Monthly Archives: December 2008

In the end … Flickr Pro

Flickr logo. If you click it, you'll go homeAfter several months of thoughts, I got my Flickr account upgraded. It’s not because my photography skills are suddenly improved. It’s actually because of my digital camera, again.

I bought my first digital camera about one and a half years ago. Since then, I used it to take photos once in a while, as I don’t really have that habit to record everything with camera. Earlier this month when I tried to use it again, however, I found the battery cannot be recharged again. Sending it back to the company, it only took ten minutes to know that “kind of” embarassing truth.

The customer services lady took a look at it and said, “Sir, do you rarely use your camera?” “Yes,” I replied. “If you don’t use it often, the battery will be dysfunctional soon. Please use it as often as possible.” “…”

Fortunately she is kindly enough to change a new one for me, as the camera is still in warranty period. Since I have to use the camera more often, upgrading Flickr account may be a motivation.

I never realize buying a digital camera is more than buying a gadget, but also making a promise. Use it frequently, or it will be dead soon. I miss my old, non-digital camera now, at least it doesn’t shoulder a hidden promise…

Two Years On

Time flies. I join Global Voices (and Lingua) project for two years already. I didn’t realize that until one morning after the conference. I couldn’t sleep that night, trying very hard but in vain. Early in the morning, before the sunrise, I left the bed, turned on my computer, and started to translate another GV article.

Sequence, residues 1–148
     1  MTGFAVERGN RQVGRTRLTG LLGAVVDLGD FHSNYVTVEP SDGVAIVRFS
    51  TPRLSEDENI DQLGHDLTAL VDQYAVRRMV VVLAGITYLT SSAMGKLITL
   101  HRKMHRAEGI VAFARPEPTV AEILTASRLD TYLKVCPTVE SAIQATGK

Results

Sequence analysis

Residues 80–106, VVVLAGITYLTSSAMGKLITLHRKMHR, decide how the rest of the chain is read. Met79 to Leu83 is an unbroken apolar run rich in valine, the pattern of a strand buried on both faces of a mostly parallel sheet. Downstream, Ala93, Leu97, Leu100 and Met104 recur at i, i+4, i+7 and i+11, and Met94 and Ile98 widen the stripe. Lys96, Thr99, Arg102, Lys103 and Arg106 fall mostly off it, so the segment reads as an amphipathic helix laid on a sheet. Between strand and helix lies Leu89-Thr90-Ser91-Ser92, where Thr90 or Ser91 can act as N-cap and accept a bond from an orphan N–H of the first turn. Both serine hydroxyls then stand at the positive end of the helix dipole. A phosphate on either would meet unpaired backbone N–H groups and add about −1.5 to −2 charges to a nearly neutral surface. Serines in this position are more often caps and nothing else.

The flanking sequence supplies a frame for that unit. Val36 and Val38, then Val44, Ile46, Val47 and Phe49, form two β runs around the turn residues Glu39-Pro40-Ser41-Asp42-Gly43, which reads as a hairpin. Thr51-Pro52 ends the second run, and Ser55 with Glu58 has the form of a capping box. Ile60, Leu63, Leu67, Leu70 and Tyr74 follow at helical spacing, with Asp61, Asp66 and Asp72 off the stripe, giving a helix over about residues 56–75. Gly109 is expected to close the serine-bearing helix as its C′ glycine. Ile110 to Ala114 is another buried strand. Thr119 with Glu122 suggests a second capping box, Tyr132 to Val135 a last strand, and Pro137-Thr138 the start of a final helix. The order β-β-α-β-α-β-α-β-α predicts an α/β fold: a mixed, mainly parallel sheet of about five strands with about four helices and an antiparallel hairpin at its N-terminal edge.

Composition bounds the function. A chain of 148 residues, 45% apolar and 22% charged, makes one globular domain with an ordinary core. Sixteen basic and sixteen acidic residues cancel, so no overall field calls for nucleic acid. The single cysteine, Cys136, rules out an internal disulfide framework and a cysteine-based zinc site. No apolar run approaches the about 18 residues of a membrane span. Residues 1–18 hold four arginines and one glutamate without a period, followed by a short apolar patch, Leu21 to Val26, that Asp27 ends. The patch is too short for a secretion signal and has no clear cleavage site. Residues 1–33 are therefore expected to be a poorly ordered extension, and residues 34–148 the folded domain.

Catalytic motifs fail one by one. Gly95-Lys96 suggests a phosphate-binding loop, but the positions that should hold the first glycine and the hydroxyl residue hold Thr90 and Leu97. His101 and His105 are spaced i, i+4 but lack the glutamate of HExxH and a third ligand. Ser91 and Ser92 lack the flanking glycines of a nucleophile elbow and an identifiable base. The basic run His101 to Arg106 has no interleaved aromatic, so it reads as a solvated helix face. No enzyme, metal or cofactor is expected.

Only in this time, I feel intimate with someone else, and that someone is myself. Car sounds are far, birds are still asleep, and no wind strolls in the woods. From nowhere, I recall others asking me how long I have translated for GV. “Almost two years,” I answered then. And now, it’s already two years.

At the end of year is always a time for reflection. Some people sum up the year in preparation for a whole new one. Some just follow others. Creating so many more contents in Chinese, I ask, do they bring up any changes to others?

Global Voices, and I, believe media has power. It has power to increase public awareness, discover interconnectedness, and dig into stories unrealed before.

It has power, for sure, to bring out changes and mobilize the crowd.

For the past year and a half, David Sasaki, Outreach director of Global Voices, representing Rising Voices project, flies around the world and visit different citizen media projects. Among them, HiperBarrio, supported by Rising Voices, has trained a group of citizen reporters in Medellín, Colombia, to cover stories often overlooked or neglected by major media and their correspondents who rarely visit there.

I have to confess that before reading their reports, violence is the only impression I have towards Medellín. After HiperBarrio, I really broad my horizon. Their blogs and records, at least, have changed my understandings about that place.

The project has extensive coverage on a 78-year-old man Suso, who collects bottles and cans for a living. We must have seen someone like this in our neighborhood, but most of us don’t have that motivation to talk to them or understand their stories.

Well, HiperBarrio citizen reporters do, and they discover a great story. Suso’s family had great contributions to the community, including the land for local library, so they think to pay back in some ways. HiperBarrios starts a fundraising campaign to repair Suso’s makeshift shelter.

They also make a great video clip at here.